10 ways to experience the Great...
A love of the outdoors is the best gift that you can give your children. According to ONS, on average,...
Suffolk is one of Britain’s most scenic areas and has so much to see, but here are 5 of the most interesting places you should try and visit first when you stay at our Holiday Cottages in Suffolk:
There is a lot to see and hear at Minsmere, a bird sanctuary just south of Southwold and part of the Suffolk Coast National Nature Reserve: wonderful woodland, wetland and coastal scenery, rare bird sightings, otters, beautiful bugs and colourful wild flowers in summer.
A traditional outdoor heated swimming pool near the River Waveney in Puddingmoor. It’s run by a local charity Beccles Lido Limited. Much of the staff are unpaid volunteers who saved the pool, (which originally opened in 1959) after the local district council closed it in 2008. They raised £300,000 for an extensive refurbishment programme which allowed Beccles Lido to re-open in 2010. It won numerous awards for sustainability, community involvement and tourism and in 2011, they were given the Big Society Award from Prime Minister David Cameron.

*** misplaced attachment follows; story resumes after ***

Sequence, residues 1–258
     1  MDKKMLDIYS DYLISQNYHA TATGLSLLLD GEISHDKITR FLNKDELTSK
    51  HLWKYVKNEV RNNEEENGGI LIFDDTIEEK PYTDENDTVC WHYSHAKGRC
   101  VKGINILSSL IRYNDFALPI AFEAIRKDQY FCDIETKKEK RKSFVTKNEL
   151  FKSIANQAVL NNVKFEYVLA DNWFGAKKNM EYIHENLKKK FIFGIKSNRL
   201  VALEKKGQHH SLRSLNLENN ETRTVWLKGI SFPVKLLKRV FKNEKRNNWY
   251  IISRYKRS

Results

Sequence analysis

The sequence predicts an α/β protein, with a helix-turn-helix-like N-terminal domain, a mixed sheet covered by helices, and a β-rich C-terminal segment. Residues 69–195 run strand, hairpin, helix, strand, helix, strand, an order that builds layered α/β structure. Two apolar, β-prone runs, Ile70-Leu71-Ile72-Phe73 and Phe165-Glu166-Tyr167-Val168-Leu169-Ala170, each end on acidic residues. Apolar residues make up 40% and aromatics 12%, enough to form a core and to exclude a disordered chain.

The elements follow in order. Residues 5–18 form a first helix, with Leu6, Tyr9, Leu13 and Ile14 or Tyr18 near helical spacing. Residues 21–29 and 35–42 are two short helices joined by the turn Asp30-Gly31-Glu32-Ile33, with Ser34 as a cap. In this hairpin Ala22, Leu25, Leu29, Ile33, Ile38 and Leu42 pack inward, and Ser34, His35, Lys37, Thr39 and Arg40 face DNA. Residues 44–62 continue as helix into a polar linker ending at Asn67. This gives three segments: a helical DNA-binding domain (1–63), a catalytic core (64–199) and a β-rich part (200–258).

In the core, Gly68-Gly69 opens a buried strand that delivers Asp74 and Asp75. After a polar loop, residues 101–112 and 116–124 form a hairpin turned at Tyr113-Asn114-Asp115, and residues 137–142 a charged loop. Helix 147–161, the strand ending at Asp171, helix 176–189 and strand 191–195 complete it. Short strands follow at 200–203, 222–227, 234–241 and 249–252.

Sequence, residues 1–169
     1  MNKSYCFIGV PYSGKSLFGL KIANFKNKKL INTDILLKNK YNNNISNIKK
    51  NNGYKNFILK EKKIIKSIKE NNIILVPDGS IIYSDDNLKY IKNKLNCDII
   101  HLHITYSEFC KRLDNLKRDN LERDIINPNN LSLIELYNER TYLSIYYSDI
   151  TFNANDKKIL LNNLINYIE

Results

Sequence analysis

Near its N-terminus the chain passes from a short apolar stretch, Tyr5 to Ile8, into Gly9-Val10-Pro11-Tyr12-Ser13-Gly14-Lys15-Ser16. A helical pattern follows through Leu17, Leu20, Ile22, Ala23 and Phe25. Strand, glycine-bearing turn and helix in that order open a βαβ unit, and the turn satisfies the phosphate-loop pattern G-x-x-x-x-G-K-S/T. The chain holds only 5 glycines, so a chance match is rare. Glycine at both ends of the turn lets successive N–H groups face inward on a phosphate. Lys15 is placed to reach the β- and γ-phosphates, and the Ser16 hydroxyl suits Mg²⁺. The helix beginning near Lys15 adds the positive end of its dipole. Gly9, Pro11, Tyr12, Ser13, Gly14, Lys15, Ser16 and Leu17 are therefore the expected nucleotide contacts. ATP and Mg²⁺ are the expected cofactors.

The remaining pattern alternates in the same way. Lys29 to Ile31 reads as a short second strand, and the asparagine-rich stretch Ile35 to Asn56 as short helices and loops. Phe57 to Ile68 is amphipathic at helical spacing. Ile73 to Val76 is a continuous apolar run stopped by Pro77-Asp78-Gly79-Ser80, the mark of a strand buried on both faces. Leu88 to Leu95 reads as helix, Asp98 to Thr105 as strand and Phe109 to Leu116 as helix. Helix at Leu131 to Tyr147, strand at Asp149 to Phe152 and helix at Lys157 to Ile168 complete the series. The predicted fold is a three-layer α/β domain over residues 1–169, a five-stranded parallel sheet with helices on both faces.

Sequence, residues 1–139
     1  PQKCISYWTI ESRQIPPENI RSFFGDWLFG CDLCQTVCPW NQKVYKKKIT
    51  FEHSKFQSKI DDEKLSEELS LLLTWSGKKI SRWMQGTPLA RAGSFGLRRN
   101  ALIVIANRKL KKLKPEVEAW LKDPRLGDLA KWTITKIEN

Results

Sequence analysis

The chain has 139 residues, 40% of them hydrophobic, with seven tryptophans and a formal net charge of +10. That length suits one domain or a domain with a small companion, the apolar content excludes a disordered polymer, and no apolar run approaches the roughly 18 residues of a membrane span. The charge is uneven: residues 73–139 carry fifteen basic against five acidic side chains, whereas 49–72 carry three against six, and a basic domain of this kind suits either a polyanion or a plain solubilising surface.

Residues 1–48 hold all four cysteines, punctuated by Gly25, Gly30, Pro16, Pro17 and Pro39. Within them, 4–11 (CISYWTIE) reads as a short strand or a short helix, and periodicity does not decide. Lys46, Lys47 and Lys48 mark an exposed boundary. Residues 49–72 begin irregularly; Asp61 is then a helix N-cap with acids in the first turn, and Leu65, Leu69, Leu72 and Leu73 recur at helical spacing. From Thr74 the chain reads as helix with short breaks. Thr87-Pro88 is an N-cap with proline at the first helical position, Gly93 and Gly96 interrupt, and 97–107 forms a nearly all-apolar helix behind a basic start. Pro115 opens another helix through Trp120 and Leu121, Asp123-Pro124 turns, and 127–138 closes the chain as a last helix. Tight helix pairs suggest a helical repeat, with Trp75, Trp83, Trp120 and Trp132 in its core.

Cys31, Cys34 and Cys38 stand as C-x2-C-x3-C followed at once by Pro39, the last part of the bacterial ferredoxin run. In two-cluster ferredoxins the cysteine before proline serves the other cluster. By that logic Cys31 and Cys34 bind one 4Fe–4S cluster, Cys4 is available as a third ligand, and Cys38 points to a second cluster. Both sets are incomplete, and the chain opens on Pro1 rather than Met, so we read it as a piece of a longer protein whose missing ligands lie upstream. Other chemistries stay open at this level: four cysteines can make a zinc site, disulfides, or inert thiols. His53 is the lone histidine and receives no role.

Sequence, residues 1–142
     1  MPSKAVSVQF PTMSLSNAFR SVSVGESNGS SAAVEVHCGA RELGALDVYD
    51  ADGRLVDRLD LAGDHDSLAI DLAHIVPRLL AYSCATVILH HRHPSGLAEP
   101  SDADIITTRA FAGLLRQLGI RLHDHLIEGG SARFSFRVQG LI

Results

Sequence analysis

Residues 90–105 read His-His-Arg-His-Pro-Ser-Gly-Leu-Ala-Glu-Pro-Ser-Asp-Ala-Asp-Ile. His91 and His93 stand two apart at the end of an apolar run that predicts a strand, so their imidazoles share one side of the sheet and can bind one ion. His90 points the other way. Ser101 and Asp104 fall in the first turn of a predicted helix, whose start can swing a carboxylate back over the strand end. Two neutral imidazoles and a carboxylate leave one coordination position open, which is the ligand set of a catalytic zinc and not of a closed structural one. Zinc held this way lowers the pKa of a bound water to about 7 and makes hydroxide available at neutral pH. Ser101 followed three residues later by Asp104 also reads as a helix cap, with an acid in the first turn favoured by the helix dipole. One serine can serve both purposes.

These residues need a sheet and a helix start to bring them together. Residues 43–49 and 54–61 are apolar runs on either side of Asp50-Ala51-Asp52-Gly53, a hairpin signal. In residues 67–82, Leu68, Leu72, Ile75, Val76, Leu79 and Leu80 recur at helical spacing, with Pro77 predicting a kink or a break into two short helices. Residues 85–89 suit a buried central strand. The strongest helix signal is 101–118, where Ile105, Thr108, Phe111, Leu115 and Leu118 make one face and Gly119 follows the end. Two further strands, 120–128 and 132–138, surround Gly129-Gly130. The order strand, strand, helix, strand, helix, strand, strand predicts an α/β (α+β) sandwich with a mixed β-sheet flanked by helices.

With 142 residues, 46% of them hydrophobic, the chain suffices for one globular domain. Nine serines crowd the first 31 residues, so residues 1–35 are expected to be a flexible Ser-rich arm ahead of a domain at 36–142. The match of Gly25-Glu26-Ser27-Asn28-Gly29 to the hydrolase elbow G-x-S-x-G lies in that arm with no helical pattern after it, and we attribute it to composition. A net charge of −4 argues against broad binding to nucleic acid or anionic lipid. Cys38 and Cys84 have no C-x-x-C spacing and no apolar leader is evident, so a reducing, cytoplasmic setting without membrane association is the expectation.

Ipswich Transport Museum
The Ipswich Transport Museum showcases the largest collection of transport items in Britain, all devoted to just one town. Everything was either made or used in or around Ipswich. The collection includes all kinds of transport ranging from trams, trolley buses, horse drawn vehicles, rail and waterway transport. The definitive destination for transport lovers.
Currently managed by English Heritage the castle has stood watch over “Fram” since 1086 and the doomsday records. Given its lofty position you can enjoy the views while walking round the ramparts of Framlingham School, the town and the local area. Located in the heart of the community the Norman castle has provided protection against invaders both domestic and abroad and more recently was used by the British Military as a defence in the event of a German Invasion during World War 2.
Check out the sunrise at Britain’s most easterly point
Take a trip to Britain’s most easterly point in Lowestoft. At Ness Point you can enjoy gazing across Euroscope, the direction marker and past Britain’s tallest wind turbine called Gulliver. You can also see the sunrise before anyone else in the United Kingdom and if you catch it right, it’s a sight you’ll never forget.